Former Steamboat resident suspected in deaths of 3 in Ohio |

Former Steamboat resident suspected in deaths of 3 in Ohio

Former Steamboat resident suspected after 3 bodies found in tree

The Associated Press

Matthew John Hoffman

MOUNT VERNON, Ohio — An unemployed tree-trimmer arrested after a teenage girl was found bound and gagged in his basement pointed the way Thursday to the bodies of her brother, mother and another woman, stuffed into gar­­bage bags and hid­­den in a hollow tree, authorities said.

The three victims and the rescued 13-year-old disappeared more than a week ago from a blood-spattered home. Authorities said all three were killed there, though they did not say how, and that the tree-trimmer, Matthew Hoffman, gave investigators information through his attorneys that led them to the bodies in woods in central Ohio.

"The tragedy today is just devastating," said Knox County prosecutor John Thatcher.

Knox County Sheriff David Barber said part of the tree had to be cut away to remove the remains.

Hoffman, an ex-convict who spent six years in a Colorado prison on arson committed in Steam­boat Springs and other charges, remained jailed on charges of kidnapping the girl, Sarah Maynard, and is the only suspect in the killings, Barber said.

The 30-year-old has appeared in court but has not entered a plea. Knox County Public Defen­der Bruce Malek, who is representing Hoffman, said Thursday that he could not comment.

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Sarah, her mother, Tina Herr­mann, her 11-year-old brother, Kody Maynard, and family friend Stephanie Sprang were reported missing after Herrmann failed to show up for work Nov. 10.

A day later, a deputy found what authorities called an unusual amount of blood inside her home, and her pickup truck was found near the campus of Kenyon College. Hoffman was questioned that same day — Barber said police found him sitting in his car near a bike trail near where the pickup was found.

A SWAT team found Sarah during the weekend in the basement of Hoffman's home in Mount Vernon, about 40 miles northeast of Columbus. Investigators would not discuss details of her ordeal but have said she is doing well, considering the circumstances.

"We're inspired by Sarah's bravery," Barber said. He said Sarah was home at the time of the killings but added, "What she saw, I can't speak to that."

A day after finding Sarah, authorities conceded that the others likely were dead. Still, volunteers and authorities on the ground and in the air continued to search for Kody, Herrmann, 32, and Sprang, 41.

The remains were found in a wildlife preserve in Frederick­town, about 15 miles from Hoff­man's home and about 20 miles from the Herrmann home.

Time in Steamboat

Hoffman lived in Steamboat Springs in 2000 when he had his first major arrest. In August 2000, Hoffman burglarized a townhome in The Ridge subdivision and then used 10 gallons of gasoline to start a fire to destroy the evidence. Sixteen people were evacuated from 10 affected townhomes, but nobody was hurt.

Steamboat Springs Police Department Detectives Captain Bob DelValle said he remembers the case because Hoffman's reaction was unusual considering the severity of the crime.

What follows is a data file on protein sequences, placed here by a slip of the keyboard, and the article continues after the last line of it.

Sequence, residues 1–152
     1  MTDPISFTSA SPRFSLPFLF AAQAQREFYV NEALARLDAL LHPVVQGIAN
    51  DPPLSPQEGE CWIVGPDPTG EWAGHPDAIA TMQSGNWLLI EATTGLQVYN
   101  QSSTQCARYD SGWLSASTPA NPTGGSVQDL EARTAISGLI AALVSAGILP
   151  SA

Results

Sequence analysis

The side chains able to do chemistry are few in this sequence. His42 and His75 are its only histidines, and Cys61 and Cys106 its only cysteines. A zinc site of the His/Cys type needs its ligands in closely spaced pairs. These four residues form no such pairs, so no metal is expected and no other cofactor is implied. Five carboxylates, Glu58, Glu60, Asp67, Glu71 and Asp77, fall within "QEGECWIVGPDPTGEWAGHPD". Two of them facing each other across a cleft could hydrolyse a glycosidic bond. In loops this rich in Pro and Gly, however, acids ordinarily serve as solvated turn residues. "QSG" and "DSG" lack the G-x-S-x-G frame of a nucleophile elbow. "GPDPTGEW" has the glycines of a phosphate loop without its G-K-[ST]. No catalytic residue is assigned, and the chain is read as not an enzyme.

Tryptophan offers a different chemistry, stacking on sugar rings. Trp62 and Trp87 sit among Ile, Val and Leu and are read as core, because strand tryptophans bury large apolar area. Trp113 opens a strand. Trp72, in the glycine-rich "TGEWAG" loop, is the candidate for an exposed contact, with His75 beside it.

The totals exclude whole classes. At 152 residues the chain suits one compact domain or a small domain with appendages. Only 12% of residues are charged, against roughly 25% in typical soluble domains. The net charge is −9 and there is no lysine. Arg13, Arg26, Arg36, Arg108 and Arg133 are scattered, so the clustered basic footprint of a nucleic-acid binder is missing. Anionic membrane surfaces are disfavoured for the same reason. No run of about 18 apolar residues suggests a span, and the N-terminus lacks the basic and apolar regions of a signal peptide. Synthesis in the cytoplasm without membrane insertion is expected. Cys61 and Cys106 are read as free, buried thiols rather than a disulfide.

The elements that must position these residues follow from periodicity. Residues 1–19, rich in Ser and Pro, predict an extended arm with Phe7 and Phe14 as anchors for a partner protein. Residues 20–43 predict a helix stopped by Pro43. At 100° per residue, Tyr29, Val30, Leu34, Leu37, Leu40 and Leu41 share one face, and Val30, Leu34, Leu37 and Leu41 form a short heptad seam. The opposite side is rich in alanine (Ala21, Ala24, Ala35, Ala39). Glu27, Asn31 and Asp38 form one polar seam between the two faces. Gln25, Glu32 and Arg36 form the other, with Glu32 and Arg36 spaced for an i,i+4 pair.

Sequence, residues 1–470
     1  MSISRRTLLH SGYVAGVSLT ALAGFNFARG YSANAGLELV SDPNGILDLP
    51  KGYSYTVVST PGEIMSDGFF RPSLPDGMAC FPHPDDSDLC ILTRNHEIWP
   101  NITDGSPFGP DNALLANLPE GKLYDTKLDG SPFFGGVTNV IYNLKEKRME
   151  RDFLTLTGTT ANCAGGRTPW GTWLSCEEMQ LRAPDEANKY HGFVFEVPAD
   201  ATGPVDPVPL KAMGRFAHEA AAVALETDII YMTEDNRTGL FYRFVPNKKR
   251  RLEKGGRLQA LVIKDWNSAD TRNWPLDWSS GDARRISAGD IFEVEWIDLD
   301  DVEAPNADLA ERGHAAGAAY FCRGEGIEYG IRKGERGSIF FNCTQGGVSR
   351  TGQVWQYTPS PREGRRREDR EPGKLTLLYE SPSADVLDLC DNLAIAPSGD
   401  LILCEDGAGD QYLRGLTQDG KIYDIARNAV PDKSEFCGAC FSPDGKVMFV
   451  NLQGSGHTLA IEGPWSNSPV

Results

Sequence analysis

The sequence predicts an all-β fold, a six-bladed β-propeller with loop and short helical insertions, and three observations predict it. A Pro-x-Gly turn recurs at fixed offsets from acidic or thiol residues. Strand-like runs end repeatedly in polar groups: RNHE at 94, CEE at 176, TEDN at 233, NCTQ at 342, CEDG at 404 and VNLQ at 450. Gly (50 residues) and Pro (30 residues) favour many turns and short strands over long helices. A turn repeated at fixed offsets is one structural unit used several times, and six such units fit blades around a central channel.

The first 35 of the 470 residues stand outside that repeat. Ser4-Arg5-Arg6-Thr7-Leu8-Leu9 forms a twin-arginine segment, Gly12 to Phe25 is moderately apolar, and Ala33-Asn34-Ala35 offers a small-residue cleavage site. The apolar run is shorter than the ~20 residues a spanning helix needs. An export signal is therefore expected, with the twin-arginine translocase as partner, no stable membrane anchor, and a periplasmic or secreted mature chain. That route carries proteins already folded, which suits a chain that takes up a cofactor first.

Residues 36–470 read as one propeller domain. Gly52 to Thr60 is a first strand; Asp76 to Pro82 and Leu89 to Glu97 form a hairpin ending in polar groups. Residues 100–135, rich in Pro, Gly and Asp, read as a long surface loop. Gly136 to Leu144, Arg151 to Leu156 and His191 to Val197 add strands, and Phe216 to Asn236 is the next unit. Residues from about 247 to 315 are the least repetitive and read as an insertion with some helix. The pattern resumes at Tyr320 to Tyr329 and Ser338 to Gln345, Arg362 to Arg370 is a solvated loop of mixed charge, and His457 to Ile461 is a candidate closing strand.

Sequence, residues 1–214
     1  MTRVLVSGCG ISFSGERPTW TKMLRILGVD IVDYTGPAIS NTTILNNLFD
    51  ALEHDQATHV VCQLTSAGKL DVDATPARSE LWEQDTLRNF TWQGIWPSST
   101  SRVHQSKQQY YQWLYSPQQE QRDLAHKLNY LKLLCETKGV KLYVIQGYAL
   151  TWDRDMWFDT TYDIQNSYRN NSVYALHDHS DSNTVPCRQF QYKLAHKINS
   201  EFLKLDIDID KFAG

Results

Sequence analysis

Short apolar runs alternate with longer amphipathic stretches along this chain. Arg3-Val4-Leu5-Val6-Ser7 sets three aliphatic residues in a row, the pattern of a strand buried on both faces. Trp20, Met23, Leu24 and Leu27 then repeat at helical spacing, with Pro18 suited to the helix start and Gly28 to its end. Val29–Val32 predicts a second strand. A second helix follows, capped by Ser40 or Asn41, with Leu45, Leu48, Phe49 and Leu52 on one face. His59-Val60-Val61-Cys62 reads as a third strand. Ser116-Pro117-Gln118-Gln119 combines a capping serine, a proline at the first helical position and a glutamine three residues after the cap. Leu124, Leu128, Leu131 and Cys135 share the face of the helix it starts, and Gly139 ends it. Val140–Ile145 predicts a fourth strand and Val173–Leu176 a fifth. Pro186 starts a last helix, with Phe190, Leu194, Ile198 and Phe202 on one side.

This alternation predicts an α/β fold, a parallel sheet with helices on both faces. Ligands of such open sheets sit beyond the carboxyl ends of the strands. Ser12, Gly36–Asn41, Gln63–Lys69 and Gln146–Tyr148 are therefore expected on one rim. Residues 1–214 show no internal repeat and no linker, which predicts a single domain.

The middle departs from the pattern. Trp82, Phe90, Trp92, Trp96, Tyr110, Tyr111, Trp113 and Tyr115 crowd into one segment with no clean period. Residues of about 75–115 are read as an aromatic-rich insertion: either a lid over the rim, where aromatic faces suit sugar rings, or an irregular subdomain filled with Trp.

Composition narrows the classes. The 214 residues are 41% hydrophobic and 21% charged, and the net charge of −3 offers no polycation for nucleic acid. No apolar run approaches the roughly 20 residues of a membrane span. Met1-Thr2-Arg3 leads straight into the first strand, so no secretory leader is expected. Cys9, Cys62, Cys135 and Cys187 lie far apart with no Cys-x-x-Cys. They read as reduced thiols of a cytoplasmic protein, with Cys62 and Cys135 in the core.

Hoffman also was suspected in the theft of two "Welcome to Steamboat" signs, but he moved back to Ohio after the fire before he was arrested in either crime.

DelValle said he called Hoff­man and told him he needed to return to Steamboat to deal with the theft of the signs. While he was in town, DelValle took the opportunity to question him about the fires.

Police suspected Hoffman af­­ter realizing he had access to the homes while he was working for Scott Barnes Plumbing. Reached by phone by the Steamboat Pilot & Today, Barnes said it was "kind of water gone under the bridge" and declined to comment further.

He told The Associated Press earlier this week that Hoffman "was a follower, and did not have a strong personality. For a 20-year-old that's unusual, especially to an employer who hires a lot of kids."

Hoffman worked for Barnes for about three months, Barnes told the AP, and had stopped showing up for work about a week or two before the fire.

"I was disappointed when he took that route," Barnes said.

In questioning by DelValle, Hoffman denied setting the fire for a short time, but he eventually admitted the theft, the burglary and the fires.

He said it didn't seem that Hoffman realized the scope of the crime at first.

"At the time, I don't think he really considered the risk he put people at," DelValle said. "He was just burning this place to cover up his fingerprints."

DelValle said one gallon of gasoline would have been enough to start a fire, but with the 10 gallons Hoffman used it was "explosive" because of the fumes created by that much fuel.

"It fell outside the norm that we see with burglaries, the willingness to commit arson — and significant arson — to cover up a crime," DelValle said. "That's highly unusual with what we typically deal with in our community."

Hoffman was sentenced to eight years in prison and served six. He then remained on parole until October of this year.

DelValle said that for a first-time offender, as Hoffman was at the time, it would be typical to get a deferred sentence or just parole. Because Hoffman took the burglary a step further and committed arson, it "raised the bar" on the crime.

"We worried that he would be back in the system again, and here he is," DelValle said.

Steamboat Pilot & Today reporter Zach Fridell contributed to this story.

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